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Chemical Nomenclature

There are more than three million organic compounds known. Thus, it is humanly impossible to remember the names of all these compounds. This led to a systematic classification of these organic compounds, so that they can be named with respect to their identical chemical properties.

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How to Name Chemical Compounds?

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The main function of chemical nomenclature is to make the person who listens or reads a chemical name is completely aware about the chemical compound it refers to and each nomenclature should be referring to only one substance.

It is usually understood to have least importance when we ensure that each of the substance should be carrying a single name, although the accepted list of names is very limited.
Its a expected norm that the name should convey the overall composition and contain information about its structure as well as the basic chemical nature of the compound.
  1. Chemical abstract system form an extreme example of names which do not take care of this aspect as each of these refers to a single compound but none of these contain structural information.
  2. A common name will also provide some information in identifying chemical compounds for a given set of conditions.
  3. To be the most general applicable nomenclature, the name should indicate at least the chemical formula.
  4. To be still more specific, the 3D atomic arrangement might need a specification.
  5. In a few specific conditions, such as large entities it becomes necessary that each of the compound have unique names as this requires the extra rules to be added for having a standard IUPAC system in lieu of having names which are basically longer and less trodden.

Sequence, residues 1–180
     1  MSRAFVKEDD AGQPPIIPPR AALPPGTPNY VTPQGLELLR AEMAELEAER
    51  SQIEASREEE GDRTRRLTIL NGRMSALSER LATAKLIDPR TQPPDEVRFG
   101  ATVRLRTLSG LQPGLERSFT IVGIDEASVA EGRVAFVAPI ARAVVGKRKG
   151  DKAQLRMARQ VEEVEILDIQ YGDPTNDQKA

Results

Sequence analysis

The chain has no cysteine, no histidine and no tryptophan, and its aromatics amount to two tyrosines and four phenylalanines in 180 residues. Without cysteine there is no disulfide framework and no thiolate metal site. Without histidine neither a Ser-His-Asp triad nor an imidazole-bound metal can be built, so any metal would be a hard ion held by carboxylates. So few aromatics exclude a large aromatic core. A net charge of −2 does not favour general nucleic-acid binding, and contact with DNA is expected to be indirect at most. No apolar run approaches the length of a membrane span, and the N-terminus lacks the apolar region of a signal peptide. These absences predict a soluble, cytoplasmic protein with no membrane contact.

6. Another system of nomenclature gaining popularity is the international chemical identifier.
  7. While International Chemical Identifier symbols are not that friendly as these contain complete set of information about a particular structure of compound.
  8. These makes these compounds more general than chemical abstract (CAS) numbers.
  9. The IUPAC system often has some drawbacks for the above failures when they become relevant (for example in differing reactivity of sulfur allotropes which IUPAC doesn't distinguish).
  10. While IUPAC nomenclature have advantage over CAS as it would be difficult toremember and recall the IUPAC names for bigger and specific molecules and thiese things lead to use of informal names.

Principles of Chemical Nomenclature

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In the early days of chemical discoveries, as soon as a new compound was discovered, it was given an individual name. Such a name was usually based on the source from which the chemical compound was derived. For example - Formic acid, HCOOH was named so, because it was derived from ants. (Formica - ants in Latin).